The Uncertain Hour

In “The Uncertain Hour” podcast, host Krissy Clark dives into one controversial topic each season to bust longstanding myths about our economy and shed light on opaque realities of the world we live in. Given that nothing is more uncertain than our present economic outlook due to COVID-19, the team is launching a new series of pop-up episodes to help listeners understand this moment. “A History of Now” explores the key economic themes that are impacting our lives in new ways due to COVID-19. From the history of quarantine to how we handle unemployment and the holes in our social safety net, the team unpacks complex topics to explain what’s happening in this economy and how income and class will likely determine your fate.

https://www.marketplace.org/shows/the-uncertain-hour/

Eine durchschnittliche Folge dieses Podcasts dauert 34m. Bisher sind 39 Folge(n) erschienen. Alle zwei Wochen gibt es eine neue Folge dieses Podcasts
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episode 8: “A mosquito in a nudist colony”


This story is also the last episode of our second season, all about who writes federal regulations, who unwrites them and who gets written off?


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 2018-03-08  1h19m
 
 

episode 7: Law and Odor: a crime story about orchids, pig smell, refineries and you


There are people who argue there are just too many federal regulations with criminal consequences, that with thousands of potential criminal acts on the books, how can you know if you’re doing something wrong? And that argument has some very powerful forces behind it. In this episode, we look at the issue that’s come to be known as “overcriminalization,” and the debate about what’s a crime worth enforcing and what’s bureaucratic overreach.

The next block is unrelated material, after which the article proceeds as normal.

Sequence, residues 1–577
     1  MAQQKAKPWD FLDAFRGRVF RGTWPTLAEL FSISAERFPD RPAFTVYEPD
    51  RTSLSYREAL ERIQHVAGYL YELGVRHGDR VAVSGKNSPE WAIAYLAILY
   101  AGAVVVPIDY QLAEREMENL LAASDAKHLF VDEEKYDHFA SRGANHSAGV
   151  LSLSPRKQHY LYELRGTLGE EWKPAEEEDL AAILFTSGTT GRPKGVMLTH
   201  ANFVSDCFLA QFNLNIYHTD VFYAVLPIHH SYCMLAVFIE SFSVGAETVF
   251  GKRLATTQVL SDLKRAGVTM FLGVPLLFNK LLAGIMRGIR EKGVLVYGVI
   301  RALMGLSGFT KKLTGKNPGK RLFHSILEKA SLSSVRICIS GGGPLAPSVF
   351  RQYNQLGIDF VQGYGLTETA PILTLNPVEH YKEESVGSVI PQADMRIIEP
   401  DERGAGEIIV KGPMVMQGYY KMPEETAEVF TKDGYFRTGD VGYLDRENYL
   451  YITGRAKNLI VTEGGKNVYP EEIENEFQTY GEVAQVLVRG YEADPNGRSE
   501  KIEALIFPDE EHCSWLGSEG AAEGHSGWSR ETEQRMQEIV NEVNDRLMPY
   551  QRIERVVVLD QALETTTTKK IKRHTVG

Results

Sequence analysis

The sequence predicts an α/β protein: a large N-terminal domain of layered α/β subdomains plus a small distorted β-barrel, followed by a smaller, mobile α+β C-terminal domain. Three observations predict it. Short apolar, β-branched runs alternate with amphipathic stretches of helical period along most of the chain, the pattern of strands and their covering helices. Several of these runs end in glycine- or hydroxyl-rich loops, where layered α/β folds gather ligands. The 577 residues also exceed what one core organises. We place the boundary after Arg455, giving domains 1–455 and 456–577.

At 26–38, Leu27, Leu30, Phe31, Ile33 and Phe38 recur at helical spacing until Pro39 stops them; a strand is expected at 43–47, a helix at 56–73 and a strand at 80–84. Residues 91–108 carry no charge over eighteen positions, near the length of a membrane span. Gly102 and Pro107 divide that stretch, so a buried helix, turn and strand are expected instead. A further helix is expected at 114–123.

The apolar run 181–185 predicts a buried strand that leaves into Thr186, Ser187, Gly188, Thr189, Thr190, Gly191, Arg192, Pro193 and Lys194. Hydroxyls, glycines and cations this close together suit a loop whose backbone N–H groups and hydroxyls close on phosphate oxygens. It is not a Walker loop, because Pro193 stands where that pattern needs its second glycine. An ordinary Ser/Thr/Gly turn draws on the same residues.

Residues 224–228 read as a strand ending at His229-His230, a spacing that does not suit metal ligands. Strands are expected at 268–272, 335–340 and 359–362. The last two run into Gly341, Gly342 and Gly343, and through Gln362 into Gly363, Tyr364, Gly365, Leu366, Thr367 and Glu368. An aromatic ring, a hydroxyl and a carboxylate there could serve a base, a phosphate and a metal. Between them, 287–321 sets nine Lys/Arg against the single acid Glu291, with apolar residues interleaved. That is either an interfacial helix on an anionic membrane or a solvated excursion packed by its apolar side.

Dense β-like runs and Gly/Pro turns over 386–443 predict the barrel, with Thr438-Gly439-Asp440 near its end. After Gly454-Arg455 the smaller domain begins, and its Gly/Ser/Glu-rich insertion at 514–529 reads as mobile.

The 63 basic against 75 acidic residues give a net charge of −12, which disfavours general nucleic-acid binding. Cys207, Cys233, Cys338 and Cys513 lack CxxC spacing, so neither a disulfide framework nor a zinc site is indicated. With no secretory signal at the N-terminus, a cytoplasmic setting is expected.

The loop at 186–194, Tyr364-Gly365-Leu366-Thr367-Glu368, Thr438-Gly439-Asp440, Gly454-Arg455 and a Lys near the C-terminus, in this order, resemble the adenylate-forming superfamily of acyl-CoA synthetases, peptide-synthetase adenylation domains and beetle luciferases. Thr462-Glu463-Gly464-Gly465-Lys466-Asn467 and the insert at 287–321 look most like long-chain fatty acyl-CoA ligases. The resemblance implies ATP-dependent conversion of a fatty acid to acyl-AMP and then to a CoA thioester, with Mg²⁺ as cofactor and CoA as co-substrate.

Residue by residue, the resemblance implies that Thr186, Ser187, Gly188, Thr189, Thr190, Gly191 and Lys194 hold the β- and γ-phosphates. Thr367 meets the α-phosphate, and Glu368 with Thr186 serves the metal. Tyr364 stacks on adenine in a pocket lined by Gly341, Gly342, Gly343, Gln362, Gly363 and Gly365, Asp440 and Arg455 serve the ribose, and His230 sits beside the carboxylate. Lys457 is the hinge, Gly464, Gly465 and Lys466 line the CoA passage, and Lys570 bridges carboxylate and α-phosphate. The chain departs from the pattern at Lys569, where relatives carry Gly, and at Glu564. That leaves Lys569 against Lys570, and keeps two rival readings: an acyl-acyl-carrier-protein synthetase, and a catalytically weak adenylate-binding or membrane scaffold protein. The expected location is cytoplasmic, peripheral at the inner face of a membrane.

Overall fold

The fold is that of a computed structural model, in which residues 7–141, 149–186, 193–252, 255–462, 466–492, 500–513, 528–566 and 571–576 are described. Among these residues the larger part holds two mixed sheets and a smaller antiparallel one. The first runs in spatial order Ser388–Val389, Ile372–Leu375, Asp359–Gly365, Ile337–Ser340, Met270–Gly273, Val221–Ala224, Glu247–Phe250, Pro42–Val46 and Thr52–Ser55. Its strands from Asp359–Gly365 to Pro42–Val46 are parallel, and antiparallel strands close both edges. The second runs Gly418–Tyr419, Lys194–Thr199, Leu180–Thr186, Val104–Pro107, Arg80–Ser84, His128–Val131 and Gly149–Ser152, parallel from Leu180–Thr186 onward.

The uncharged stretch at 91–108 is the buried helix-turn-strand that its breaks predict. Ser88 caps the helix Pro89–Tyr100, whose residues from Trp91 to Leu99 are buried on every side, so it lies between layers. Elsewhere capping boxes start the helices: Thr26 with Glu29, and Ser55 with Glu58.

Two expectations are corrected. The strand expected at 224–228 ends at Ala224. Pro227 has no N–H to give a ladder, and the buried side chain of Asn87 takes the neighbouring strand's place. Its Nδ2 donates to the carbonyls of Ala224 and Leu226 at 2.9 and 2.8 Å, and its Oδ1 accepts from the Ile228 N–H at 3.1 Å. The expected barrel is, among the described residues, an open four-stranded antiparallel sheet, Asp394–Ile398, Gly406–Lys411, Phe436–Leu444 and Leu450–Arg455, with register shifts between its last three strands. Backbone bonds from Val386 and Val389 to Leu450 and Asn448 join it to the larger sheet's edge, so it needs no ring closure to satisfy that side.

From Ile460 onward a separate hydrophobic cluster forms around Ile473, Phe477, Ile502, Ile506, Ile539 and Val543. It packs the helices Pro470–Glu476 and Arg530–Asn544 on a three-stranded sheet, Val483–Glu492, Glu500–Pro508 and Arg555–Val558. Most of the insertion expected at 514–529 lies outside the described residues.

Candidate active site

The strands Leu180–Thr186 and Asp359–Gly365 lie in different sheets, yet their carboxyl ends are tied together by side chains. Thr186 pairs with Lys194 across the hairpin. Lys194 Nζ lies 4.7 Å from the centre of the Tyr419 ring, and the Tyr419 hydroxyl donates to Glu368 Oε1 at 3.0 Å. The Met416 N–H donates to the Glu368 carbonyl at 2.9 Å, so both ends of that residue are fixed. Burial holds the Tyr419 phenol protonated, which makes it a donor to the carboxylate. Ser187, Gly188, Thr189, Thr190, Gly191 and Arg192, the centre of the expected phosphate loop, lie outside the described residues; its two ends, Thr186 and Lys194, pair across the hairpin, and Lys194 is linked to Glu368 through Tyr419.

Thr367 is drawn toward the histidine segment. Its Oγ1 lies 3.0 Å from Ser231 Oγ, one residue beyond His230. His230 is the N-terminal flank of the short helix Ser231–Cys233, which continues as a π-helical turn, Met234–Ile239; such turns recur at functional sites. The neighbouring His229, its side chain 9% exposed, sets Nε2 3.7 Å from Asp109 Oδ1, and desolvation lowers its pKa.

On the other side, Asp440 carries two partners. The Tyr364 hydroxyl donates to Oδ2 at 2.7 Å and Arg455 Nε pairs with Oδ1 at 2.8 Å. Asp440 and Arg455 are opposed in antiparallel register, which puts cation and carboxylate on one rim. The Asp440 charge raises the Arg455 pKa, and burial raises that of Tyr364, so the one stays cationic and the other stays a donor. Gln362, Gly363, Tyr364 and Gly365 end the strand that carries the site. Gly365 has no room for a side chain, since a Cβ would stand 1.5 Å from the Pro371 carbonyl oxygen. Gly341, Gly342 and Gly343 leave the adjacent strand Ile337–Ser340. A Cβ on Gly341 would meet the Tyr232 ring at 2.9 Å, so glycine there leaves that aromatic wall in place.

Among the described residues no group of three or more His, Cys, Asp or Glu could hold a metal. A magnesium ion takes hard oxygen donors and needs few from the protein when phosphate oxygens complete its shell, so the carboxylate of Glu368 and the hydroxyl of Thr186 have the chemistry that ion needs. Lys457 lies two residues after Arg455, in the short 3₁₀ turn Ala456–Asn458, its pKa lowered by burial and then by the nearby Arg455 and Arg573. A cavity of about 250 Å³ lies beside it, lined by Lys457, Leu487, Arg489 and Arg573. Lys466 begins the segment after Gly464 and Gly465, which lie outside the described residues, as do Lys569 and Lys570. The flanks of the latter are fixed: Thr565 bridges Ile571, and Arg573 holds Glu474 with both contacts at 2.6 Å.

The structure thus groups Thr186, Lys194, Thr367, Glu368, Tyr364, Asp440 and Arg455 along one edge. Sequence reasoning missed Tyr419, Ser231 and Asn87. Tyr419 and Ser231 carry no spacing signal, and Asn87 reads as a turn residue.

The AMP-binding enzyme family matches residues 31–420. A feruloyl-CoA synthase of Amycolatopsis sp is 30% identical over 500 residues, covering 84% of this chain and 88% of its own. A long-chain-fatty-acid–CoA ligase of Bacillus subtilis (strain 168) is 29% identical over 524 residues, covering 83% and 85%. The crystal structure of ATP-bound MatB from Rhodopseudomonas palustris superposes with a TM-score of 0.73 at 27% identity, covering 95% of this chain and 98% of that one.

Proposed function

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 2018-01-26  1h8m
 
 

episode 6: Who’s regulating whom?


This week, we're zooming out to trace the unexpected ways regulators and corporations are intertwined.


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 2018-01-05  45m
 
 

episode 5: Your regulations questions, answered


First we’re going to answer some of your questions about the stories we’ve brought you so far in this season. Then, because regulations have been in the news so much, we’re also wanted to give you some helpful context for what you’ve been hearing.


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 2017-12-21  27m
 
 

S02-4: The sentence that helped set off the opioid crisis


It's a highly misleading claim. It came with every bottle of Oxycontin for years. The FDA signed off on it, but it’s not clear who wrote it.


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 2017-12-13  1h5m
 
 

S02-4: The sentence that helped set off the opioid crisis


When OxyContin went to market in 1996, sales reps from Purdue Pharma hit one point particularly hard: Compared to other prescription opioids, this new painkiller was believed to be less likely to be addictive or abused.But recently unsealed documents in this investigative episode shed light on how the maker of OxyContin seems to have relied more on focus groups than on scientific studies to create an aggressive and misleading marketing campaign that helped fuel the national opioid crisis...


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 2017-12-13  1h5m
 
 

episode 3: The peanut butter verdict


One of the most surreal, misunderstood and yet pivotal battle over regulations ends here.


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 2017-11-22  38m
 
 

episode 2: The Peanut Butter Wars


They were long. They were difficult. They were... pretty much how regulations always get made.


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 2017-11-10  37m
 
 

Meet Ruth Desmond, a concerned citizen who changed the face of food regulation


How'd America become a regulatory state? We went looking in a D.C.-area kitchen.


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 2017-10-27  9m
 
 

episode 1: The Peanut Butter Grandma goes to Washington


In the 1950s, some food companies were ripping off customers and using additives that haven't been tested for safety. A Virginia housewife went to the FDA to expose the truth.


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 2017-10-26  33m